Is Mara Salvatrucha, the Salvadoran youth gang menacing residents in some United States cities, really America's public enemy No. 1?
After months of boasting that it would "destroy" MS-13, the Trump administration has now declared the group a top crime-fighting priority. U.S. Attorney General Jeff Sessions has instructed the Department of Justice to go all out combating it domestically, and Cabinet officials have encouraged the Central American counterparts to do the same.
In my opinion, the group has become the perfect Donald Trump villain not necessarily because of its heinous and highly visible crimes, but because its Central American roots play well into this administration's anti-immigration stance.
In dragging Central America into a renewed war on youth gangs, the U.S. is reinforcing an errant but widely held belief that MS-13 and organized crime are Central America's most pressing problems. I've studied violence and crime in the region for more than 20 years, and while gangs are a serious problem, they're largely a symptom of a far more critical issue plaguing the region—namely, corruption.
Unraveling the Gang Myth
Mara Salvatrucha and other criminal groups certainly contribute to the record high crime rates in El Salvador, Honduras, and Guatemala. Transnational gangs have also instilled fear in some U.S. communities. In Long Island and Virginia, for example, MS-13 has been behind dozens of gruesome killings.
As part of his anti-immigrant posturing, Trump has zeroed in on the group, asserting on July 28th that, "We will find you, we will arrest you, we will jail you and we will deport you."
This strategy of suppression—which targets mainly low-level players, many of them teenagers—is unlikely to address the crime problem in Central America. In deporting MS-13 members, the president is simply providing seasoned recruits to Central American gangs, which have grown and thrived largely because the region's political class protects them.
The most revealing case of the nexus between corruption and organized crime is El Salvador, home turf of MS-13 and of the world's highest homicide rates.
In August, prosecutors there showed that El Salvador's two main political parties had colluded with MS-13 and other gangs, paying them more than $300,000 for help winning the country's 2014 presidential election. Party officials allegedly utilized MS-13 to mobilize some voters and suppress others. Still, the attorney general's office has not indicted party leaders.
Impunity has also undermined criminal justice in Honduras. A Honduran drug cartel kingpin recently told U.S. prosecutors that drug money had financed past presidential campaigns there and may have helped President Juan Orlando Hernández into power in 2014. To date, no official probe has been launched to investigate the alleged links between the current president and Honduran criminal organizations.
The current attorney general of Guatemala, Thelma Aldana, has tackled the issue head on with the help of the International Commission against Impunity in Guatemala, a United Nations-supported body aimed at helping the criminal justice system take up tough crimes—including high-level corruption. The team has had some success in prosecuting powerful politicians, including former President Otto Perez Molina.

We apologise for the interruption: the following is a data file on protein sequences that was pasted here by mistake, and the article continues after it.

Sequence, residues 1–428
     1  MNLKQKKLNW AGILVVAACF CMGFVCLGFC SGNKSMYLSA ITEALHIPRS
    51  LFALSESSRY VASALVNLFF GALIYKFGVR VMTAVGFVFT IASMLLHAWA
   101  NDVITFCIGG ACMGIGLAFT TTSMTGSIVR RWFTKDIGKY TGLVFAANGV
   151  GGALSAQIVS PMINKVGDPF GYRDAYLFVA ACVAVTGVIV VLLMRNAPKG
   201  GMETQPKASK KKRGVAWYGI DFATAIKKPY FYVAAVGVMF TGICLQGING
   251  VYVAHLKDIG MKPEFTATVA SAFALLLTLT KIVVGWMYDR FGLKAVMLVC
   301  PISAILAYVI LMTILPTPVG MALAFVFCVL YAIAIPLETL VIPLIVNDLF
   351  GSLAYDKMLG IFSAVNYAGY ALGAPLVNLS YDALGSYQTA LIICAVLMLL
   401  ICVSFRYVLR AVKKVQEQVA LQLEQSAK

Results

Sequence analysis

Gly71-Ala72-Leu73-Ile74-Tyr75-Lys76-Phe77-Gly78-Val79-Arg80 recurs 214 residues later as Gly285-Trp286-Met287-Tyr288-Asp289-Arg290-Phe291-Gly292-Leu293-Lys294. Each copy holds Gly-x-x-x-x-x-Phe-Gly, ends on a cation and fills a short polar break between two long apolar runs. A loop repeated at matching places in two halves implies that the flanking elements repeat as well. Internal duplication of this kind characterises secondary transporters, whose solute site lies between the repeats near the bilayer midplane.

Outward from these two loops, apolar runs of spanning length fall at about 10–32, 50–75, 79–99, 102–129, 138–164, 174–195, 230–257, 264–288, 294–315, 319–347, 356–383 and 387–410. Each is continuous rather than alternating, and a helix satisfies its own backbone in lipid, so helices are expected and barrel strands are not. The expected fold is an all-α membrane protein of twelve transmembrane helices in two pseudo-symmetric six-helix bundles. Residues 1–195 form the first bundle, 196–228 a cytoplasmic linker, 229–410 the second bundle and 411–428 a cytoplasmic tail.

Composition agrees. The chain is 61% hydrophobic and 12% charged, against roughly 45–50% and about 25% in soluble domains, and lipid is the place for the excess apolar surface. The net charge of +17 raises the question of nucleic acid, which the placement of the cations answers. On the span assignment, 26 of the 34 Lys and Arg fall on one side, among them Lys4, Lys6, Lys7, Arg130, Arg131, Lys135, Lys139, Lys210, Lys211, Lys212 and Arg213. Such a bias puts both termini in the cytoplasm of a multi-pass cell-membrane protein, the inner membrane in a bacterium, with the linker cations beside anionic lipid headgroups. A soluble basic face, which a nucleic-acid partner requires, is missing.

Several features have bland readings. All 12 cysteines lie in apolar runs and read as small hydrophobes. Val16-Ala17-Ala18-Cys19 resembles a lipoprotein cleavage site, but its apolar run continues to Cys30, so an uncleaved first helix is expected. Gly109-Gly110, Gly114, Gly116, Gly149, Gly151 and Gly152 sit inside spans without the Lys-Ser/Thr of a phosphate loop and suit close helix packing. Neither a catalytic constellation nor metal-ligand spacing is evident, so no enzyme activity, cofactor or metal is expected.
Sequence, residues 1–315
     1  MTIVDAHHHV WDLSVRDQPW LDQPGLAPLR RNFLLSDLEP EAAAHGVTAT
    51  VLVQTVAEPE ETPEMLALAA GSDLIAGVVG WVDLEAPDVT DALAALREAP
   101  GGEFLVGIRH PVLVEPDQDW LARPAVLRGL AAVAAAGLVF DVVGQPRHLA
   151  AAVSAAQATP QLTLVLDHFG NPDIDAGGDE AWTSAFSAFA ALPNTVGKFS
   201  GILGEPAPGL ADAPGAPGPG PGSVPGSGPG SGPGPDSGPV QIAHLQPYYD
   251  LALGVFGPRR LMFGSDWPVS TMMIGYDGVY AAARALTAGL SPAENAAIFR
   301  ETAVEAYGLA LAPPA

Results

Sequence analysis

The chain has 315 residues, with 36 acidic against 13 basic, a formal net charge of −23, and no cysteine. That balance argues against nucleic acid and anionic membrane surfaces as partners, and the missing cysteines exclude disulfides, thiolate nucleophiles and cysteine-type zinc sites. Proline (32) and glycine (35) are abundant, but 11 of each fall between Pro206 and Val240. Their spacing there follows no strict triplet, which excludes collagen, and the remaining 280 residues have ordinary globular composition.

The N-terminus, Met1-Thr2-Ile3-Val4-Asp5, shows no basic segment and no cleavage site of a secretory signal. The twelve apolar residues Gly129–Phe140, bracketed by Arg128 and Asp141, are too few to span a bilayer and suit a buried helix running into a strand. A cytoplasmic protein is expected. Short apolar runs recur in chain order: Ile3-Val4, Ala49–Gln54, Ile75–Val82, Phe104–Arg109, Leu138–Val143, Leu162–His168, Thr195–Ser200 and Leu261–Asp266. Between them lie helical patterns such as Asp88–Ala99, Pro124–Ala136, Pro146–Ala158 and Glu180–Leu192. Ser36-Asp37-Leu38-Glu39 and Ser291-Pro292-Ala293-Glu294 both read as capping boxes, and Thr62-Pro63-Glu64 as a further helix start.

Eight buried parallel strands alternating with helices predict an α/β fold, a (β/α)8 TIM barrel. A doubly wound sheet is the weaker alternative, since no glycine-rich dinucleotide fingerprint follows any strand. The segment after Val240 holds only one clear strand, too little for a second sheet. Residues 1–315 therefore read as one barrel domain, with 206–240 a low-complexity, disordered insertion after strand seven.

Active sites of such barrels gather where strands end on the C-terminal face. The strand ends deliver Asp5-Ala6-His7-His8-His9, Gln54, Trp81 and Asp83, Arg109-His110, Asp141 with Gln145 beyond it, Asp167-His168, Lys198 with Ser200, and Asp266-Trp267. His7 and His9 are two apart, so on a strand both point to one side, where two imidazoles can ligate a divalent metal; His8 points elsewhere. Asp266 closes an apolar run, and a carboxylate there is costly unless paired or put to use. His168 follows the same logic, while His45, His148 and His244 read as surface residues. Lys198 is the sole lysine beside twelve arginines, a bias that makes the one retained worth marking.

But its efforts are now being hampered by President Jimmy Morales, who has made repeated attempts to expel the commission's head, Iván Velásquez, from the country.
Many observers believe that these attacks are intended to quell corruption investigations against Morales and his inner circle.
The Real Problem
According to a recent study by Vanderbilt University, a majority of Guatemalans, Hondurans, and Salvadorans believe that most of their politicians are corrupt.
Citizen distrust, in turn, makes it harder to fight crime and uphold the rule of law. In Central America, so many people are ready to bypass the law to tackle violence that vigilantism and extrajudicial violence have themselves become major causes of violence.
As a result, corruption in Central America has shattered most efforts to build the kinds of criminal justice institutions necessary to support a democratic society.
The Trump administration, however, has opted to renew failed law enforcement policies to tackle the problem of transnational gangs in the region. After homicide rates and gangs spun out of control in the mid-2000s, the Obama administration largely abandoned heavy-handed policies in favor of a more comprehensive approach to foreign security aid.
In a September joint meeting of Central American attorneys general with the U.S. Department of Justice, held at Florida International University, American authorities praised a recent coordinated anti-gang effort. Some 3,800 Central American gang members were charged with murders, racketeering, and other serious crimes, in both the U.S. and Central America.
The attorney general of El Salvador, Douglas Meléndez, also celebrated the capture of hundreds of gang members in his country. But he said nothing about his office's inaction vis-a-vis the party leaders accused of conspiring with those same gangs.
The whole idea that the U.S. government can make America safer by getting tough on crime in Central America is questionable. But if the Trump administration wants to try, it should at least start at the top.
Political institutions in the grip of organized crime use their power to erode the democratic rule of law in the region. They shield criminal organizations in exchange for economic support and political backing in gang-controlled barrios.
Root out corruption in the Central American ruling class, and the gangs and crooks will go down with it.